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The United States Department Of Labor

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The use of contingent workers is an ever increasing practice in today’s business world. The United States Department of Labor (2013) views the same as both sound advancement and reason for worry. This paper will explore the history, theories, implications for leaders, and relative trends of this class of workers.
Businessdictionary.com (2015) states that a contingent worker is a "Temporary employee who is (1) hired for contingent work, (2) paid according to hours worked, and (3) draws no benefits that are commonly available to the regular employees”. The contingent workforce consists of temporary, part-time, independent contractors, seasonal, college interns, and leased workers. Often confusion is present in labeling employees and independent contractors accurately. According to the IRS (2015) an individual is an independent contractor if the payer has the right to control or direct only the result of the work and not what will be done and how it will be done. Under common-law rules, anyone who performs services for you is your employee if you can control what will be done and how it will be done (IRS, 2015).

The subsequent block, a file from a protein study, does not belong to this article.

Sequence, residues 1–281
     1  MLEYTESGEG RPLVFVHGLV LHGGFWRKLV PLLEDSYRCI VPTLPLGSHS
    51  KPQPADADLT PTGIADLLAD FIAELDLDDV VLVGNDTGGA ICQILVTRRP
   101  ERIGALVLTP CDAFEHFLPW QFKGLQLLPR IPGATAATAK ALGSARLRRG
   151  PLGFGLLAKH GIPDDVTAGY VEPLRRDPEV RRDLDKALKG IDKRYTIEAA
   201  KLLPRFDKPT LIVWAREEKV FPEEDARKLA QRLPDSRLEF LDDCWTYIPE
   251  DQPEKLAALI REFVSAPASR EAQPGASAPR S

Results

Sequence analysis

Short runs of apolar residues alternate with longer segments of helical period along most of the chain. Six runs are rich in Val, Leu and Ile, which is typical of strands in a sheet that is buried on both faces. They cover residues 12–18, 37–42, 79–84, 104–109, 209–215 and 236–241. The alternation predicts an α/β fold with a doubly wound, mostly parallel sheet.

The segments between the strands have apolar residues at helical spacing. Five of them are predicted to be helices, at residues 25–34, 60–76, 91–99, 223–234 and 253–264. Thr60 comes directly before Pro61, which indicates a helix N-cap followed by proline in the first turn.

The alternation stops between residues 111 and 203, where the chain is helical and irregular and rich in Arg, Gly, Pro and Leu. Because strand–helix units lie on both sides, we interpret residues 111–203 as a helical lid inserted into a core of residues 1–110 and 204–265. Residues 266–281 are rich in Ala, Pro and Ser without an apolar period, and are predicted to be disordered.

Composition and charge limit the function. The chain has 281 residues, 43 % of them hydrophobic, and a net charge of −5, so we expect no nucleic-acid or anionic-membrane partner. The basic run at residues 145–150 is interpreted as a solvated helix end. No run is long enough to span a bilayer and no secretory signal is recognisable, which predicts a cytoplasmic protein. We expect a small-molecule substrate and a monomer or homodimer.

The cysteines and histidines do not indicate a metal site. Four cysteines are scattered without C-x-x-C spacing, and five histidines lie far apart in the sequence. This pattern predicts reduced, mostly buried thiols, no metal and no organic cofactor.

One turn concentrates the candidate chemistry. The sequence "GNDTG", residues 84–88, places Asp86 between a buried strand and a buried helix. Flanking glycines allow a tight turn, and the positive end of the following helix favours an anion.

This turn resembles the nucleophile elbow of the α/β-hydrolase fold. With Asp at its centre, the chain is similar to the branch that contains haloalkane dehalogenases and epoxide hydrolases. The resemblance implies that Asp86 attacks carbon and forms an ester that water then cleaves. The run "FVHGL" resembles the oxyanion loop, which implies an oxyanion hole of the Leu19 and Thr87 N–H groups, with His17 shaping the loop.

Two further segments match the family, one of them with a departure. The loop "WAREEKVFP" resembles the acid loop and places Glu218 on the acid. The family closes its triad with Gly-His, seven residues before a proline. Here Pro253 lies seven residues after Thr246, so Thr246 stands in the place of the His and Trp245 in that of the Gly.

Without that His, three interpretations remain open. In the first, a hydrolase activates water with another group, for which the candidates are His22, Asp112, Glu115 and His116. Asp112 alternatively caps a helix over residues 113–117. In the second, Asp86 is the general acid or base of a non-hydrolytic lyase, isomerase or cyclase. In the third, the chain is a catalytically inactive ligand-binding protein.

The employing of contingent workers is an intentional business decision by companies. The search for greater flexibility, in terms of numbers of employees and in terms of the skills those employees possess, is the main reason reported by companies for the increasing use of contingent workers. (Daly, 2013) According to the Department of Labor (2015), employers
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